Sooner or later, money becomes a point of contention in every marriage. It’s inevitable that two people, no matter how loving, will sometimes differ about how to use this all-important resource.

Divorce attorney Jacqueline Newman has seen what happens when marriages are spoiled by poor financial practices and attitudes. Not only can money mistakes undo a partnership, they can make divorce considerably more unpleasant for one or both spouses.

Here’s some of what she has learned from divorcing couples. You can strengthen your own marriage by adopting these smart money practices and avoiding the worst pitfalls. Even better: It could keep you out of divorce court or make a divorce less painful should that misfortune ever befall you.


Lesson #1: Talk about it. The most basic financial mistake couples make is failing to confront the topic of money head on. For some people, money is harder to talk about than sex, but it’s critical that you and your partner get on the same page about finances. ­Otherwise, you’ll be at odds with each other, operating in the dark and building the kind of resentment that undoes marriages.

The best time to open the money discussion is before you’re even married. Perhaps you even want to consider a prenuptial agreement. People often are disturbed by the idea of creating a prenup, saying that it feels like they’re already planning their divorce. But the benefit is that having a prenup forces a frank conversation about money that otherwise might never occur. Example: An extremely wealthy man refused to discuss money with his spouse-to-be. It was only after much painful discussion that he revealed his attitudes about money were directly linked to his troubled relationship with his father, who had used money to discredit him, resulting in a deep sense of shame around finances. Once that was out in the open, the couple was able to talk about money without discomfort or resentment.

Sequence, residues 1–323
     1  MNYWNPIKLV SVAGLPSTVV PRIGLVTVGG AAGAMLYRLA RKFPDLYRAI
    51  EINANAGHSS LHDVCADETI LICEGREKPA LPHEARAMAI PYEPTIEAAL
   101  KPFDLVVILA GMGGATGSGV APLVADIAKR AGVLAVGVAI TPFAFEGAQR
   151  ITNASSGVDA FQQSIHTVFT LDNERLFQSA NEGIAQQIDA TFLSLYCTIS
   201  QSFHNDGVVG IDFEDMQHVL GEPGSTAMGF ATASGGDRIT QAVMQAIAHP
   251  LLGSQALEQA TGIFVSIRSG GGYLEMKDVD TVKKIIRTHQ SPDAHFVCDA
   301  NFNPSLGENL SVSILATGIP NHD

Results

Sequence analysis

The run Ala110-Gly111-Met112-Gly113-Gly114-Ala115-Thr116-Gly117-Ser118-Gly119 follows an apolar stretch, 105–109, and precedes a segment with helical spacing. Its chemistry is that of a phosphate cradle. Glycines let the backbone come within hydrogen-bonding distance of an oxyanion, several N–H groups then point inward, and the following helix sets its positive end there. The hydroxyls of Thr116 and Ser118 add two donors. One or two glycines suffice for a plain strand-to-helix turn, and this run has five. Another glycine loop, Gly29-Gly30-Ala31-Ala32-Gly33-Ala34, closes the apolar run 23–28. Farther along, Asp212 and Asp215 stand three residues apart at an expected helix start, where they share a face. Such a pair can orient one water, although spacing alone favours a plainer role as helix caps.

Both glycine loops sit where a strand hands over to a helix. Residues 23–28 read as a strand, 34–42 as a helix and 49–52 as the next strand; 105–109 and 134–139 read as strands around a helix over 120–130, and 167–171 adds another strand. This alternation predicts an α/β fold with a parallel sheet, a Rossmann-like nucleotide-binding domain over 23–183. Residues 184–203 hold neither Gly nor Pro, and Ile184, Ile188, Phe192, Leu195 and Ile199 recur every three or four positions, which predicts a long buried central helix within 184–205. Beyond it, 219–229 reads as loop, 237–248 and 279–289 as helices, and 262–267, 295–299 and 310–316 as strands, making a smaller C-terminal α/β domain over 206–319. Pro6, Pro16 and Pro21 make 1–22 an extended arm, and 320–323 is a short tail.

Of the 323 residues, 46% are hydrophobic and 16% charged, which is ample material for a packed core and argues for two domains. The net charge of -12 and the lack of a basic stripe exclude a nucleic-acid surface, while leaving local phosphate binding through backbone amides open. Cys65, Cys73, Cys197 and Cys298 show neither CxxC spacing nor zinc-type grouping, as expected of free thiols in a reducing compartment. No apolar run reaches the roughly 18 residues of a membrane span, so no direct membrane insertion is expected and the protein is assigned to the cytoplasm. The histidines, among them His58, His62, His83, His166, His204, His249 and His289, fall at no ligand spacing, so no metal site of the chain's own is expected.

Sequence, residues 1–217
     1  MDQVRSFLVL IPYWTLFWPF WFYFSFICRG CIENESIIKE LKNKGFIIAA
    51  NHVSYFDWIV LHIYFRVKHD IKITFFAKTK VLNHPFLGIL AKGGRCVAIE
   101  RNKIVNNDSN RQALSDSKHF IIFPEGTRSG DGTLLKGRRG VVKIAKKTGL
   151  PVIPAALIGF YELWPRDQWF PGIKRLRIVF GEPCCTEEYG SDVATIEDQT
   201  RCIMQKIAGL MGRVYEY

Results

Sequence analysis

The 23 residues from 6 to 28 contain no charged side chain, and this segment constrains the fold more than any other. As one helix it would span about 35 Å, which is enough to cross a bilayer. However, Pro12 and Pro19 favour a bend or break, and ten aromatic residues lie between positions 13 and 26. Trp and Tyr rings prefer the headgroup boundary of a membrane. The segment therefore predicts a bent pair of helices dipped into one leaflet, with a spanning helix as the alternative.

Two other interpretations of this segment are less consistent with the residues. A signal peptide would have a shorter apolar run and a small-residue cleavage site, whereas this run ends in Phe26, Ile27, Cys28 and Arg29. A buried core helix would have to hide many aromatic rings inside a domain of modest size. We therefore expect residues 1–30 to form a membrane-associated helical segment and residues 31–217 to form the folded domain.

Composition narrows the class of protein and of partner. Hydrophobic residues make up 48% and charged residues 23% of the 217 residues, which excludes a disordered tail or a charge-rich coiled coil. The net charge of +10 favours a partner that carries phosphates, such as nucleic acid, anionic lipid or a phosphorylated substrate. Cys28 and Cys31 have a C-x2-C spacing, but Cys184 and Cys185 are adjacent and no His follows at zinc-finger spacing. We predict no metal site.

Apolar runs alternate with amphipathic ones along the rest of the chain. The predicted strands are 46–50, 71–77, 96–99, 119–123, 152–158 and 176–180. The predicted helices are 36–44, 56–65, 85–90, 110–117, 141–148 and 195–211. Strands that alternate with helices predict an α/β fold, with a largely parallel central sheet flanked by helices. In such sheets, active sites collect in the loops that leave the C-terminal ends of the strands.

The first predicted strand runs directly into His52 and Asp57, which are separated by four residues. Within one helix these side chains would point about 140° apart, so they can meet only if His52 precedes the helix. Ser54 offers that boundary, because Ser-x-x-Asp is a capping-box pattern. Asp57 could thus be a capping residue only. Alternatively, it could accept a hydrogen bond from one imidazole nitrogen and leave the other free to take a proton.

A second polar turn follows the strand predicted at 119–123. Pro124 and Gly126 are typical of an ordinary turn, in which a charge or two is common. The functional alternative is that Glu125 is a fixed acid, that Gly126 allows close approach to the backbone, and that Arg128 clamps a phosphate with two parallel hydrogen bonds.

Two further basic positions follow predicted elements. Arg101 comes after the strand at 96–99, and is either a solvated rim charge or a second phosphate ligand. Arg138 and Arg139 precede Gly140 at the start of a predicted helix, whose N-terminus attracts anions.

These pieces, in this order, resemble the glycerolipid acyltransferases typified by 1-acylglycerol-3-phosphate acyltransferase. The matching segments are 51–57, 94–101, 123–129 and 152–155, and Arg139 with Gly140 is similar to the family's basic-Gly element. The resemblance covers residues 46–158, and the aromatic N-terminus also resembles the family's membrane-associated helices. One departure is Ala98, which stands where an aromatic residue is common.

Whether you’re getting married next month or have been married for 20 years, make it a point to have the “money talk.” Here’s some of what you’ll want to discuss.

Family influence. How was money handled in the households in which you and your partner were raised? Did both parents work? Was there a sense of shared assets, or did the money seem to “belong” to one partner? Were your parents savers? Did they discuss money openly? Did they see money as a form of status or as a way to avoid scarcity? Whatever the answers are, the next question is, “And is that okay with you?” In other words, are you and your partner happy to have inherited these attitudes toward money, or would you like to do things differently?